Since 2011, seeing that the Civil Administration did not draft plans as it is obliged to do, dozens of Palestinian communities – with the help of Palestinian and international organizations and in coordination with the PA – drafted their own plans. Some of the plans covered communities or villages located in full in Area C and others covered places only partly in Area C. As of September 2018, 102 plans had been submitted to the Civil Administration’s planning bodies, but by the end of 2018, a mere five plans – covering an area of about 1,00 dunams (or about 0.03% of Area C) – had received approval.
The impact of this Israeli policy extends beyond Area C, to the hundreds of Palestinians communities located entirely or partially in Areas A and B, as the land reserves for many of these communities lie in Area C and are subject to Israeli restrictions there.
The demand for land for development has grown considerably since the 1995 division of the West Bank: The Palestinian population has nearly doubled, and the land reserves in Areas A and B have been nearly exhausted. Due to the housing shortage, much land still available in these areas is used for residential construction, even if it is more suited for other uses, such as agriculture.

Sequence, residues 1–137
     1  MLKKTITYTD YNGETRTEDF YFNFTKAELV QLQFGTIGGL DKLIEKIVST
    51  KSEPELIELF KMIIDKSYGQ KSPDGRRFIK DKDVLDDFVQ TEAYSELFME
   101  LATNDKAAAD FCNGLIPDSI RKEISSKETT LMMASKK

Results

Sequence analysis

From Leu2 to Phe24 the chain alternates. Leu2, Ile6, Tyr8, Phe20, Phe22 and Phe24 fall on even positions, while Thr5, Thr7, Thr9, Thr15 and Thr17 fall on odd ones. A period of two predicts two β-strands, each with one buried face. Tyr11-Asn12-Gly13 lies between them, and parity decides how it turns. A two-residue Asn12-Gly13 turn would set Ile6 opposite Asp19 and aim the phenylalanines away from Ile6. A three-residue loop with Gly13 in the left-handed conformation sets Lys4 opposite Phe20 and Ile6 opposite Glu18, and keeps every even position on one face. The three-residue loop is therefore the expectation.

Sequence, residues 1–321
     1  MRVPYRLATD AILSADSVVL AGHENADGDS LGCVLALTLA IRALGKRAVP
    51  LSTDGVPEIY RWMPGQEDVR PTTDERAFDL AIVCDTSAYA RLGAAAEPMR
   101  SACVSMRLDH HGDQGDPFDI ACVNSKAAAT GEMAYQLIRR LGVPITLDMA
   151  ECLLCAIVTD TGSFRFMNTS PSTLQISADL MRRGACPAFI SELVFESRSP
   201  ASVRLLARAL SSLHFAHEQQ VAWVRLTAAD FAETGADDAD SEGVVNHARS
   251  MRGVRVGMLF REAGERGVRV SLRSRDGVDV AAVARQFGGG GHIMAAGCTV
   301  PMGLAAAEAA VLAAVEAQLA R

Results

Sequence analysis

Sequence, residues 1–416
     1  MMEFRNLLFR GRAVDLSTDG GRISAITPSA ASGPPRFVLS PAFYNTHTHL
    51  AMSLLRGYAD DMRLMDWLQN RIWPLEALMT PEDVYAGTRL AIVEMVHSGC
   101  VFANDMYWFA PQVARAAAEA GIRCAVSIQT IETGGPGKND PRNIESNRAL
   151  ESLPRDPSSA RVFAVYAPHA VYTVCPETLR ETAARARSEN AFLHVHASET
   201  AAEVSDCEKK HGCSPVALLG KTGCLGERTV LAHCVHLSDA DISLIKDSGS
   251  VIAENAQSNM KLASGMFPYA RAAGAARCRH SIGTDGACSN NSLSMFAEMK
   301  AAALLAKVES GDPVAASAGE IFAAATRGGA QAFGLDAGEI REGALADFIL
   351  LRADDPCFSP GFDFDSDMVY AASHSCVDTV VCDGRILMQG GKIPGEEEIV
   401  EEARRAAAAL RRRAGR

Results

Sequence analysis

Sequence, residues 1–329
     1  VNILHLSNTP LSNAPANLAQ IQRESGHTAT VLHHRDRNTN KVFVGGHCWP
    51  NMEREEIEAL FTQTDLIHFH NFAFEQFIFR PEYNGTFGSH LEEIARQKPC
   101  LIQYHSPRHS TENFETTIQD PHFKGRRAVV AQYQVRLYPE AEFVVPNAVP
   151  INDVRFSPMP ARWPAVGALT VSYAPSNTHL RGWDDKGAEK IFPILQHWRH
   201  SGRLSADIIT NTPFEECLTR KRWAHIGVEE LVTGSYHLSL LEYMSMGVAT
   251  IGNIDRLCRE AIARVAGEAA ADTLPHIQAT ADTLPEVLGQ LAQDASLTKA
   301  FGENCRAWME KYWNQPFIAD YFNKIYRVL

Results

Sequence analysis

Without land for construction, local Palestinian authorities cannot supply public services that require new structures, such as medical clinics and schools, nor can they plan open spaces for recreation within communities. Realizing the economic potential of Area C – in branches such as agriculture, quarrying for minerals and stone for construction, industry, tourism and community development – is essential to the development of the entire West Bank, including creating jobs and reducing poverty. Area C is also vital for regional planning, including laying infrastructure and connecting Palestinian communities throughout the West Bank.
In contrast to the restrictive planning for Palestinian communities, Israeli settlements – all of which are located in Area C – are allocated vast tracts of land, drawn up detailed plans, connected to advanced infrastructure, and the authorities turn a blind eye to illegal construction in them. Detailed, modern plans have been drawn up for the settlements, including public areas, green zones and, often, spacious residential areas. They enjoy a massive amount of land, including farmland that can serve for future development.
Israel’s policy in Area C is based on the assumption that the area is primarily meant to serve Israeli needs, and on the ambition to annex large parts of it to the sovereign territory of Israel. To that end, Israel works to strengthen its hold on Area C, to further exploit the area’s resources and achieve a permanent situation in which Israeli settlements thrive and Palestinian presence is negligible. In doing so, Israel has de facto annexed Area C and created circumstances that will leverage its influence over the final status of the area.